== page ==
The inaction from the UK’s central bank was widely expected given the small change in economic indicators from August when the bank hiked the borrowing rate from 0.5% to 0.75%, a level not seen since 2009.
“Markets gave a zero percent chance of any action from the BoE today, and so it came to pass,” said Ben Brettell, senior economist at Hargreaves Lansdown.
Brettell said policy makers are firmly in a “wait-and-see” mode because of the long shadow cast by Brexit uncertainty and will be reluctant to consider another move until they have a clearer idea of what the final deal with the European Union looks like.
“Realistically May next year looks the first available opportunity to raise rates to 1%,” he said.
Alistair Wilson, head of retail platform strategy at Zurich, agreed that lack of clarity around Brexit was preventing the BoE from acting on firmer economic data.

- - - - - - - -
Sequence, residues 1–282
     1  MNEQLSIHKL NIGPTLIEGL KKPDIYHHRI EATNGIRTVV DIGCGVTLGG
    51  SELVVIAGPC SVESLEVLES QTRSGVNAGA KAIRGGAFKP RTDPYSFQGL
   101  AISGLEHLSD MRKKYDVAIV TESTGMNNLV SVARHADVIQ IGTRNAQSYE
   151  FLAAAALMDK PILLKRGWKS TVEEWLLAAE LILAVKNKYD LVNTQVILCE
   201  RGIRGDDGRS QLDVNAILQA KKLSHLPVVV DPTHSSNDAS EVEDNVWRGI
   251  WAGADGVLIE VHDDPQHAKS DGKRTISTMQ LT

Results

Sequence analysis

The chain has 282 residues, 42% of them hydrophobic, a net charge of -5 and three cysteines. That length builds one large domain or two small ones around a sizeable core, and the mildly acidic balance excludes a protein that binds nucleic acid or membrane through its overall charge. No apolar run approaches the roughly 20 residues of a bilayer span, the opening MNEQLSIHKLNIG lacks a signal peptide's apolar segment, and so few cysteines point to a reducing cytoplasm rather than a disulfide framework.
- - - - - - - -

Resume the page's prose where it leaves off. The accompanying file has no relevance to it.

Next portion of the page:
“Unemployment is down and wages have outstripped inflation for four consecutive months, making a text book case for further increasing the base rate. But uncertainty around Brexit negotiations is causing the Bank of England to pursue a dovish policy, holding off on rising rates again so soon.”
Earlier this week governor Mark Carney committed to extend his term at the helm of the central bank until January 2020 in order to oversee the UK’s divorce from the EU.